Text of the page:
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The Liquid Agency Reverse Workweek

In August of 2020, six months into the challenging experiment of working remotely, we found ourselves at a crossroads. With Zoom fatigue, constant IM and email maintenance and just plain old cabin fever, we needed to arrive at a solution to reinvigorate the ranks.

We rose to the challenge by implementing our signature agile approach to problem solving. We call it Silicon Valley Thinking™. It manifests itself in a Swarm, which means getting everyone in the same room (or in this case, the same Miro board) to co-create solutions in real time.

The result of this team-powered, impact-making session? The Liquid Agency Reverse Workweek™

Referred to internally as the Two-Day Workweek, all Liquid Agency employees now show up and log on at 6 a.m. on Saturday morning and work a 20-hour shift until 2:00 a.m. on Sunday. Then, after a brisk four-hour break for sustenance and what some refer to as a “disco nap,” they do the same thing all over again: 6 a.m. Sunday until 2 a.m. Monday morning. Or night. It gets a little hazy.

The upside to the Two-Day Workweek pretty much goes without saying: five days off. Which begs the question, “How do we spend our free time?” Group creative director Paul Simón dedicates an average of six hours a day to mastering new recipes, the most recent of which is a beef Wellington (yes, he made the pâté, too). Associate strategist Carolyn Hamaker has enough to do just managing her 35 million followers on Instagram after a recent piece on social justice broke the internet. Senior social content strategist Ashley Heinonen bought a small horse ranch just outside Newberg, OR. She gives lessons and frequently competes in equestrian events (USEF Grand Prix Dressage National Champion, represent!).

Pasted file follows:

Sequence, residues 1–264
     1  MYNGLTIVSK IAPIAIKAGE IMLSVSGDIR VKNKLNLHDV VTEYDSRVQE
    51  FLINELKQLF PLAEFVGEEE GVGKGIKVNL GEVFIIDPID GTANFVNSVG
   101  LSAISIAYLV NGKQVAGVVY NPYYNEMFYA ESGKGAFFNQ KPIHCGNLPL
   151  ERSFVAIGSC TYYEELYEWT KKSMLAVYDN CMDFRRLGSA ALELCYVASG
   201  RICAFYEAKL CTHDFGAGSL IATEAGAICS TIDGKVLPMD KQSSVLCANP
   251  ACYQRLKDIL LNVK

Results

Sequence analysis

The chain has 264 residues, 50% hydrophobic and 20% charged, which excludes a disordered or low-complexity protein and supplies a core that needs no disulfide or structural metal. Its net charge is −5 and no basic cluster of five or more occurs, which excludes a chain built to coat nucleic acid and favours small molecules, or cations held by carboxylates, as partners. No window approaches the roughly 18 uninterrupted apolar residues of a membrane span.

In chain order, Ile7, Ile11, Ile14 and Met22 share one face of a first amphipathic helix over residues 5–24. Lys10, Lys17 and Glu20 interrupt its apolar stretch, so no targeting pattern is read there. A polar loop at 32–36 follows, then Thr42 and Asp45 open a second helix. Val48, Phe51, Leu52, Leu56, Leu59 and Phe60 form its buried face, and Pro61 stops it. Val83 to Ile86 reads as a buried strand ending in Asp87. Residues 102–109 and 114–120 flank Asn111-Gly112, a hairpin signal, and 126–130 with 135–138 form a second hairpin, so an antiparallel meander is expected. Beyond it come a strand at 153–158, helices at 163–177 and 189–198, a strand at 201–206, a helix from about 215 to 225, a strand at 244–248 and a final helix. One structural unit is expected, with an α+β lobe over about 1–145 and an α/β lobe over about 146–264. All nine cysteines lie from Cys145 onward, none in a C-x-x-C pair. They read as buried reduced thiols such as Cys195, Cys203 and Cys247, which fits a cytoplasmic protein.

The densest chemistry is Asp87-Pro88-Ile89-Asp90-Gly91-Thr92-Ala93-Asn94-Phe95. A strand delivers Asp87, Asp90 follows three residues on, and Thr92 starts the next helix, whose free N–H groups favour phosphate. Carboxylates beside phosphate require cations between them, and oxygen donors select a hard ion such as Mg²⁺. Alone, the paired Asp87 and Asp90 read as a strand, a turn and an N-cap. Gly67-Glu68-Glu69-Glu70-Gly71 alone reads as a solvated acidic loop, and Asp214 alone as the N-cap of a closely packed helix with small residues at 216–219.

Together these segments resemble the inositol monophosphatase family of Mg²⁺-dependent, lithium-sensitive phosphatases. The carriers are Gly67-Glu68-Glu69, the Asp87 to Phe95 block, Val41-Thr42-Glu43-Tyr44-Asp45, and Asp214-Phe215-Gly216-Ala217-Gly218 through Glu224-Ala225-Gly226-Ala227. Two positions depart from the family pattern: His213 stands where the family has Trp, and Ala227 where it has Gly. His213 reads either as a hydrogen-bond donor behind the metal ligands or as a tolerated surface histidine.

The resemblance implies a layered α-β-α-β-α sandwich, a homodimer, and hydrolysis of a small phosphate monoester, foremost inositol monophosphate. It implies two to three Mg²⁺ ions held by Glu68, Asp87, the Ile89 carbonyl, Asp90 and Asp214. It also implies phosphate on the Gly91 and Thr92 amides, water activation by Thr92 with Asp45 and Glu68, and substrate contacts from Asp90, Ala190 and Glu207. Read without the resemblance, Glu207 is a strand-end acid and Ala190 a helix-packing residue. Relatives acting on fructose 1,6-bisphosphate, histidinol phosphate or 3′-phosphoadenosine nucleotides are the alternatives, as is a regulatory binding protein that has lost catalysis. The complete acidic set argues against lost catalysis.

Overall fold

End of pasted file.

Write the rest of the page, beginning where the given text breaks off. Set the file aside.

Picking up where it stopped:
The true embodiment of a pioneering spirit, this groundbreaking new way to get things done is very liberating. It does, however, take a bit of getting used to. Saturday nights have proven especially difficult for those who live in the more lively downtown areas of Portland and San Jose, with weekend revelry from the streets invading ear pods and noise-cancelling headphones alike. Spouses and significant others, we’ve heard, have voiced complaints. As have cats. Dogs seem unfazed.

“I sleep from 2:30 a.m. to 11:45 a.m. on Mondays. But hey, technically still a five-day weekend.” Scott Gardner, CEO.

Our leadership team, however, has nothing but glowing praise for the program, as evidenced by the quotes below.

“Spain recently instituted a four-day workweek, so we just decided to bring it stateside and double-down.” Dennis Hahn, chief strategy officer.

“I’m proud of our entire team for embracing the unknown. And for embracing the hallucinations during that second 20-hour shift.” Katie Wagner, VP of employee experience.

If you or your company are interested in adopting this approach, we invite you to reach out to Krystal Chellis, our director of people experience. She will be forthright and very clear about both the benefits and the hiccups involved with all five days of the typical workweek off in perpetuity. In the meantime, we hope you’re enjoying your April 1.